Mediterranean plants like a sunny position if they’re going to thrive and they do well in poor soil, so this means they're easy and low maintenance when combined in a container.
The mild winters and hot dry summers of the Mediterranean lends itself to hardy and low-growing plants that like these conditions including lavender and herbs. So if your garden gets plenty of sun and you have mild winters, a summer container planted up with these will suit your space well.
6. Style up a summer container with on-trend succulents
If you've been learning how to grow succulents, filling a summer container with them is a beautiful and versatile alternative to traditional planting schemes, and it’s so easy to do. There's such a huge range of succulents available now that you'll have a hard time choosing a look.
Go for a combo that works well in terms of shapes, colors and textures. A good place to start is by checking out common succulent varieties like echeveria, sedum, sempervivum and aeonium.
Try to vary the colors of your succulent garden to include a mix of greens, reds and mauves. Most of the plants used in this container will be available from your local garden center or nursery, although with such a great selection now available online as well sourcing a good selection of plants is easy.
Use plenty of grit with the compost to create the well-drained soil that succulents love and go easy on the watering too.
7. Fill hanging planters with pelargoniums
Happy go lucky pelargoniums are one of the varieties of flowering plants that are happy planted up on their own in quite small pots that can then be grouped together to create a display, such as these pretty hanging planters. They're one of the best balcony plants too as they don't take up much space.
They are a great choice if you haven't got much time and are looking for low-maintenance plants as they don't need a lot of watering or care. Just remember to keep snipping off any faded flowers to keep on enjoying the Mediterranean vibe.
8. Add height and texture to pots with feathery grasses
Rhythmic planting of airy ornamental grasses in summer containers creates texture and interest, as well as an understated elegance. The choice is huge as they come in a range of eye-catching colors and textures, everything from rich gold and luminous silver to inky black and lush green varieties.
The trick to add that special wow factor is to plant one type of ornamental grass in a container to maximize the impact rather than mixing them in with other plants as a filler. The shimmering grass becomes the star of the show rather than the supporting act.
Grasses can be the crowning glory of even the smallest urban garden. They look after themselves, don’t need watering or feeding, and require no pruning or deadheading, which makes them a definite plus if you’re looking for low-maintenance options.
Generally undemanding about soil, they enjoy dry conditions, so add some horticultural grit to the compost when planting up your container.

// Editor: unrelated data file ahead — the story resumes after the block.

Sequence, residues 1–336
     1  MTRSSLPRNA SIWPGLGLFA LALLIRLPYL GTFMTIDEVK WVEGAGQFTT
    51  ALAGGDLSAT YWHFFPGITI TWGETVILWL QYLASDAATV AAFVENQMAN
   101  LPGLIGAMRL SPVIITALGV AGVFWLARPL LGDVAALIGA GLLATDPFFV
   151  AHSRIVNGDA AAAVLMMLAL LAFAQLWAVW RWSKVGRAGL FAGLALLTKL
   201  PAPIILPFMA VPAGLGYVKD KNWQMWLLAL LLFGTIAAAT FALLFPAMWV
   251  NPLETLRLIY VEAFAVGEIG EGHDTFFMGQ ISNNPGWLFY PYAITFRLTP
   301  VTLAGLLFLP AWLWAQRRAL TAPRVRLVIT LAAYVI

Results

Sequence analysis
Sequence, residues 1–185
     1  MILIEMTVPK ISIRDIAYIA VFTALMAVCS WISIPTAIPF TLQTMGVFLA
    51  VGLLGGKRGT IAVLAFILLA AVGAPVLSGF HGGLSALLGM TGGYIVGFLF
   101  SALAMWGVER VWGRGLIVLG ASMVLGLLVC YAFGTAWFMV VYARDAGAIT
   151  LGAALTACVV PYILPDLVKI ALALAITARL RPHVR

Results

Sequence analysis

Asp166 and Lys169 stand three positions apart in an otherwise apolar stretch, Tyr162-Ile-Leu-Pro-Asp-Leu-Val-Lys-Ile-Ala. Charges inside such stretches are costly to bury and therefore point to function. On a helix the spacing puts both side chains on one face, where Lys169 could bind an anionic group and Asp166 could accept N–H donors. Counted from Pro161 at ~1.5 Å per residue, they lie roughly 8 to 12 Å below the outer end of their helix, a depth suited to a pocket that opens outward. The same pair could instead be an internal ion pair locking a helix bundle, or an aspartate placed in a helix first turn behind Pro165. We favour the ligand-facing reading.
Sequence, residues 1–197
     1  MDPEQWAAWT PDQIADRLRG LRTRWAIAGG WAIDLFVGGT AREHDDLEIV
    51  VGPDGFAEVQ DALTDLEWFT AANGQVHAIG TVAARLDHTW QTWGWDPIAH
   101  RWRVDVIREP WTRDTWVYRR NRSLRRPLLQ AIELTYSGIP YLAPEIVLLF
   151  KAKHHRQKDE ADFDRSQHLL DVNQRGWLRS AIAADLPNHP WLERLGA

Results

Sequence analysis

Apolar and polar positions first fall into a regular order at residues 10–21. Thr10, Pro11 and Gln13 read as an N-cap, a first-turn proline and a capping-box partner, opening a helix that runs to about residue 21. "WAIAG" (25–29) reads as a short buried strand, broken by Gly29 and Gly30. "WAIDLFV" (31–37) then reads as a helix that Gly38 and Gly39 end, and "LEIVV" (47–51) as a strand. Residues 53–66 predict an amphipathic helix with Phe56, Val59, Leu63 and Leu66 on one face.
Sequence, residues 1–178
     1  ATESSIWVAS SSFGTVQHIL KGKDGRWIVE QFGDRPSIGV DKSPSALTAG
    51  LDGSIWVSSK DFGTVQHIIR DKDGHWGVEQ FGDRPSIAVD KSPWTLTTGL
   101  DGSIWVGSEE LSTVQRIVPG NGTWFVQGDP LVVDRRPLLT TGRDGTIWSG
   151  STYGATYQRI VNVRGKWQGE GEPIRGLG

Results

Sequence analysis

9. Plant up vintage-look containers for summer color
Old containers, pots and planters can be picked up in thrift stores and online. As well as looking good they have the advantage of being relatively inexpensive, making them a brilliant option if you're looking for cheap garden ideas. This old tin bath is planted with lupins, zinnia, pelargoniums, foxgloves and ivy for an untamed look that's right on trend.
‘My favourite material for containers is galvanised metal,’ says Arthur Parkinson who hosts a series of inspirational online courses on planting summer pots for Create Academy (opens in new tab) and is known for his unrivalled ability to create gorgeous, deeply colored planters. ‘Be like a magpie to hunt it down. Look on eBay and PreLoved, and try to choose tub-shaped ones with handles. As well as being roomy enough for plenty of plants they’re easy to move around.’
Galvanised buckets are good too. 'They're widely available. Remember to add drainage holes in the bottom if you find one,’ says Arthur. This will help prolong their life as you don’t want the bottom to rot. Using plenty of grit or other drainage material in the base too will ensure any water flows through freely.
10. Pick white flowers for a cool summer vibe
Choosing one color for your planting scheme is an easy way to create a professional look for your containers and none is more elegant than white.
Bright and breezy daisy-like cosmos add height, floaty texture and luminous white flowers to containers all summer long. They’re easy to grow, love the sun and don’t need much looking after. Just snip off the flowers as they fade and more will keep coming.
Fill out your display with verbena to add another layer of abundant, pure white blooms. Very easy to grow, they will flower reliably all summer as long as your container is in a sunny spot and has well-drained compost.